Once you’ve identified your competitors, it’s time to research their marketing strategies. The following sections will walk you through what to consider on their website, social media, email communication, and paid online advertising.
Analyze Their Website
- What language (call-to-actions) and incentives are on the website to get people to take action?
- Do they publish a blog? If so, what do they discuss, and how frequently do they post?
- Do they have free downloadable offers such as ebooks and whitepapers?
- Do they have videos on the site?
- Do they conduct webinars?
- Do they have a podcast?
Review Their Search Engine Presence and Online Advertising
- Identify what words are driving traffic to their site from search engines.
- Find out if they are doing paid advertising in search engines.
- Find out what terms they are using in paid search campaigns.
- Do you see their products in online advertising? If so, where? Do you know what triggered their ad to appear (search results, remarketing after you’ve visited their website, liking competitors’ pages)?
- Learn what websites link to your competitor’s website; these links are known as backlinks.
Analyze Their Social Media
What social media channels are they on? While there are many more, here are the most common channels:
- Google My Business
When looking at their channels, find out these things:
- Are they using influencers to talk about their products?
- How frequently do they post on each channel?
- Are they more active on some channels than others?
- Do they share different content on different channels, or is it all the same?
- Do they promote other products and community members? Or do they stay focused solely on their product or service?
- Note what type of posts get the most and fewest comments, likes, and shares.
- Note how frequently the business responds to the activity on their posts and their tone (playful, formal, neutral, personal, or generic).
Evaluate Their Email Marketing
Once you’ve signed up for a competitor’s email list, what happens?
- How often do they email you?
- Do they only sell in their emails?
- Do they offer special coupons?
- Do they provide educational or entertaining email content?
What’s Your Competitor’s Engagement Level?
As you work on collecting the information above, make notes about what you like and dislike. Would you do this for your business? Why or why not? If someone analyzed your business against these competitors, would you appear on par, just getting started, or way ahead? Why? These things are essential to know so you can consider what you want to work on first and why. Be sure to tie your list of things you want to improve upon to your goals. If your goal is to get funding, what does your online presence need to show? If you aim to achieve distribution through big box stores, what do the buyers look for when researching your business?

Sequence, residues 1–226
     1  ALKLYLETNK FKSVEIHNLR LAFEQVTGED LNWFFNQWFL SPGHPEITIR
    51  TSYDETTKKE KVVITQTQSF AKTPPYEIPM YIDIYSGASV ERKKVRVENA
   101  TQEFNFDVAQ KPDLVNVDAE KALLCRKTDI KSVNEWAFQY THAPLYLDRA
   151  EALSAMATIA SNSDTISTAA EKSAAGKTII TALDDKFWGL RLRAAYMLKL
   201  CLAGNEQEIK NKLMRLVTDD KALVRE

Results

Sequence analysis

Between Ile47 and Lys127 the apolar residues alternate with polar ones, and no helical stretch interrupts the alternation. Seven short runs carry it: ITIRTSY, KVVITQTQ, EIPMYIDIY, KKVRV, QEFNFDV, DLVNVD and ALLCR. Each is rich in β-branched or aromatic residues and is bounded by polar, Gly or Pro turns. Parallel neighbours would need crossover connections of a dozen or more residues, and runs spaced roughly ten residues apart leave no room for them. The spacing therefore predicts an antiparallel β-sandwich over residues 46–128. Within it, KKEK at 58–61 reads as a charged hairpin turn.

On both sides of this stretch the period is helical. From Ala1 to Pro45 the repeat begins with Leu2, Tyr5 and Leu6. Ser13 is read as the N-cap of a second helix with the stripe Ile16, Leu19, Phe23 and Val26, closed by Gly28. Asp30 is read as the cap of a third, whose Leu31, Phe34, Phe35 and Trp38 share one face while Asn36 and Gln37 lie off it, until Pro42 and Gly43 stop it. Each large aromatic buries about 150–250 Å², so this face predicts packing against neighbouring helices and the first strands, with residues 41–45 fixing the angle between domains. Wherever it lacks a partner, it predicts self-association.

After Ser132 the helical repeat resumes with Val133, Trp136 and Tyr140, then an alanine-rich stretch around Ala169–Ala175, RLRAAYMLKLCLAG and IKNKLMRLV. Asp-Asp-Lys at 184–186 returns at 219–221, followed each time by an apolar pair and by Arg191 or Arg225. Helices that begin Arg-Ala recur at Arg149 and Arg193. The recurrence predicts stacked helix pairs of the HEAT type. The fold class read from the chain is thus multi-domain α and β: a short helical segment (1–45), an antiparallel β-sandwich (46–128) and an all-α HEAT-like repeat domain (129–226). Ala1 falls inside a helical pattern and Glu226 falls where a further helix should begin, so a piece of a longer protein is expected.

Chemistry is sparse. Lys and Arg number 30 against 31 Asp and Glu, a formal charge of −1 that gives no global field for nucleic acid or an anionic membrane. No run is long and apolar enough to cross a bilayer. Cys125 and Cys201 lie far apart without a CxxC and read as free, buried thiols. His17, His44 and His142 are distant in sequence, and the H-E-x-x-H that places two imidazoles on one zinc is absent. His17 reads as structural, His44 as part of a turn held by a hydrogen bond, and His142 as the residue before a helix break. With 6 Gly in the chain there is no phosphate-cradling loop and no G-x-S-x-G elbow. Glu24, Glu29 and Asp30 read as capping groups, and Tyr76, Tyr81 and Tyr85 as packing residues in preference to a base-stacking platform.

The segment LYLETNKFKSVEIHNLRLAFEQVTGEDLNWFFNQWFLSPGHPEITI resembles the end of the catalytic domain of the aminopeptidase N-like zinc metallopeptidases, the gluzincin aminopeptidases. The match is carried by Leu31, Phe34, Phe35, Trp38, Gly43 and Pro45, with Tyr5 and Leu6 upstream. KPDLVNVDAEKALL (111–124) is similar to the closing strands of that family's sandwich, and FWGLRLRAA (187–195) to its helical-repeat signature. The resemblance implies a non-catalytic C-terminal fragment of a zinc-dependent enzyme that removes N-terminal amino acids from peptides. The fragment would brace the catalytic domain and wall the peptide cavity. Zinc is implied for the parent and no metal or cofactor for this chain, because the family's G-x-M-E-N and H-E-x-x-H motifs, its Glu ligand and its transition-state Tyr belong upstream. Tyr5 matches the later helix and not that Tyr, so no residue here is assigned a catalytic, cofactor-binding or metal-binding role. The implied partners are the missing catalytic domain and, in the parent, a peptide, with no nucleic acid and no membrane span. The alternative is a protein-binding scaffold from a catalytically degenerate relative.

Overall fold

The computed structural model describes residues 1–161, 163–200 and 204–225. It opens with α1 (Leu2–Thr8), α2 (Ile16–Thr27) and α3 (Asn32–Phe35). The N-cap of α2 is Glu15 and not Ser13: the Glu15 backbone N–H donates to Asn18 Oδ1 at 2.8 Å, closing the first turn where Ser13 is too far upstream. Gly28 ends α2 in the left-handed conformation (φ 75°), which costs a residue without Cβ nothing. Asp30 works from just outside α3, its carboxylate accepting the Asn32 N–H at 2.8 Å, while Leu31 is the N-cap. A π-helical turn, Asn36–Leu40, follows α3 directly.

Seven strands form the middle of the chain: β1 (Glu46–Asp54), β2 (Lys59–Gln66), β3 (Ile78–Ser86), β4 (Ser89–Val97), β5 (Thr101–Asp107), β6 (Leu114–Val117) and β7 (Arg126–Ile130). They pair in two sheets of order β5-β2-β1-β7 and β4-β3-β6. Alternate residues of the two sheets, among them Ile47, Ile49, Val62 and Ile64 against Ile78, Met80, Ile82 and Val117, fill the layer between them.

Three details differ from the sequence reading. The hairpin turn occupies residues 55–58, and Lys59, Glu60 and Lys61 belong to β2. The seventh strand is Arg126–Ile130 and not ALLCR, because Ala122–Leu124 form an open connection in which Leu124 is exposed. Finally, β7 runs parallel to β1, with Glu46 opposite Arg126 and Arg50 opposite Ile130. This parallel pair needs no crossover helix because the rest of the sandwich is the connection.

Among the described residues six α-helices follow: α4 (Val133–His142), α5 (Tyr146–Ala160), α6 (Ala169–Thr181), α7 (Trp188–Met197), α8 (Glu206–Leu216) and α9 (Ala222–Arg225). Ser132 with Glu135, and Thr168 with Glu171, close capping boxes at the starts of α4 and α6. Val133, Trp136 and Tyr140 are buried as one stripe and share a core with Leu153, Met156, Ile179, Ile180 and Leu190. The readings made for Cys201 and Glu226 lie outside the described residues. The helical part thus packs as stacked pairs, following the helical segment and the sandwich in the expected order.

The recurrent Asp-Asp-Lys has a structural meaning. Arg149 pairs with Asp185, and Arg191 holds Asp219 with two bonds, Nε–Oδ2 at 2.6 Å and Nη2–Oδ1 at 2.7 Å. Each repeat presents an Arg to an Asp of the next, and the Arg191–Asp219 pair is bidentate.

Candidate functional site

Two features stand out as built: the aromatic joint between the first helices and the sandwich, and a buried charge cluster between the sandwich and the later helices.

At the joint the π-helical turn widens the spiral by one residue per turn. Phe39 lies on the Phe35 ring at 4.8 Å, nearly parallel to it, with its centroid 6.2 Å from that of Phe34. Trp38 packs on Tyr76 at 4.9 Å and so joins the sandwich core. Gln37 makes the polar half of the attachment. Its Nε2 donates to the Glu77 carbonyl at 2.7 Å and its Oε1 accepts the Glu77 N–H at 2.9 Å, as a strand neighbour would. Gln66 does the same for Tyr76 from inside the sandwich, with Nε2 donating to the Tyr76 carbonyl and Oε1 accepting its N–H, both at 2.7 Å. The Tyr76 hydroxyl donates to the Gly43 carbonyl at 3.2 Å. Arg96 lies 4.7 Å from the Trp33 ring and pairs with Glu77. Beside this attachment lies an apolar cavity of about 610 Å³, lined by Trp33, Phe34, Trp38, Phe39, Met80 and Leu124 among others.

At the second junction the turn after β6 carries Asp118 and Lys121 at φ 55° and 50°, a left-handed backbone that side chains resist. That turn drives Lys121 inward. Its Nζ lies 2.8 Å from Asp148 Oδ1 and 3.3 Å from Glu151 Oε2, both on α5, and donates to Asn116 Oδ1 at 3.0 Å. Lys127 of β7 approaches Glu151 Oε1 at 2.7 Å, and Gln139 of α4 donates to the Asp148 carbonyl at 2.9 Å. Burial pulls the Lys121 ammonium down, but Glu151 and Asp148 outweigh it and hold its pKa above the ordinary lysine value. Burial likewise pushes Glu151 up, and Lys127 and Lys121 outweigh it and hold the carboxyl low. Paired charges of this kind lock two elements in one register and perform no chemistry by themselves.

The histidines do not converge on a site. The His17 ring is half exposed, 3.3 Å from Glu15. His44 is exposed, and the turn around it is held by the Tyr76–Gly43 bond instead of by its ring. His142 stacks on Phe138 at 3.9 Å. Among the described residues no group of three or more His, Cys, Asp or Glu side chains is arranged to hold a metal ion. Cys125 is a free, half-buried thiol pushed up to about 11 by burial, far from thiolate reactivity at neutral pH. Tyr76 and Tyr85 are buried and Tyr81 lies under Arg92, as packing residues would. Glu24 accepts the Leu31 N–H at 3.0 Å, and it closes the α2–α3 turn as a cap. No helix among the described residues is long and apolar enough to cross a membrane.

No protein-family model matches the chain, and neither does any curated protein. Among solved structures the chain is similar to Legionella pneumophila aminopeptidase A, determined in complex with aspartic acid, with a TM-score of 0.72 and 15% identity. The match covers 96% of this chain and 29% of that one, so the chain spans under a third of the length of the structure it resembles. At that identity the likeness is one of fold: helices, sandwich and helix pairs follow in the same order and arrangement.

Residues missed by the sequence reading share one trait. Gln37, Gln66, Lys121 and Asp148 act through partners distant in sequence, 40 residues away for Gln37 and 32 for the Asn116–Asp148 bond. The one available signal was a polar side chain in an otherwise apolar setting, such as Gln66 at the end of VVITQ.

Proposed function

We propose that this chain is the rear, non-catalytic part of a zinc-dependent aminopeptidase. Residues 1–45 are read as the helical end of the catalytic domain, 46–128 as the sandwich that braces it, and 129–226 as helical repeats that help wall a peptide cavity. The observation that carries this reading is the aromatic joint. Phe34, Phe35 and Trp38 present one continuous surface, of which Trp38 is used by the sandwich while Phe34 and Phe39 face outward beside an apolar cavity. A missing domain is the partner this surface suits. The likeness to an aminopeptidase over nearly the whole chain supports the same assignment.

- You’ve collected a ton of information. For this process to be of value, you’ll want to review all of your research and rank what your business could do better, do the same, and won’t do.
- If someone analyzed your business against these competitors, would you appear on par, just getting started, or way ahead? Why? Knowing this is important because it will help you prioritize what you want to work on first. Be sure to tie your list of things you want to improve upon to your business goals. For example, if your goal is to get funding, what does your online presence need to show? If you aim to get placed in a big box store, what do the buyers look for when researching the businesses they accept?
- Ensure your competitive analysis is easily accessible and understandable to your team. You’ll use it as you move through the following pieces of building your marketing plan.
- Decide when you’ll revisit your competition analysis and do it again. You’ll likely want to review your competition every six months to a year. This will keep you aware of new competitors, those who have left the market, those who have produced additional offerings, and those who are steady.
- Work on your Asset Assessment.
More Marketing Plan Articles
This article is part of a series to help you create a robust marketing plan:
- Part 1: How to Write a Marketing Plan
- Part 2: How to Define Your Marketing Goals
- Part 3: How to Define Your Target Audience
- Part 4: How to Analyze Your Competitors and Their Marketing Plans
- Part 5: How to Conduct a Marketing Asset Assessment
- Part 6: Creating a Marketing Budget for Your Business
- Part 7: How to Choose the Best Marketing Platforms for Your Business
- Part 8: How to Create a Content Marketing Calendar
- Part 9: Defining Your Marketing Metrics